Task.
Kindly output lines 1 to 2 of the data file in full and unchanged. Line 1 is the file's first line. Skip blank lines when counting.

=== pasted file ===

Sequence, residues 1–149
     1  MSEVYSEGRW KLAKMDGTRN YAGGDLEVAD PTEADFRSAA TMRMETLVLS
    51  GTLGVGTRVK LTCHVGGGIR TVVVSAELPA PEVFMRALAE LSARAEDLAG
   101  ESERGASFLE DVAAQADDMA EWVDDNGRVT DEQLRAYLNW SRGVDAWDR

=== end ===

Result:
Sequence, residues 1–149
     1  MSEVYSEGRW KLAKMDGTRN YAGGDLEVAD PTEADFRSAA TMRMETLVLS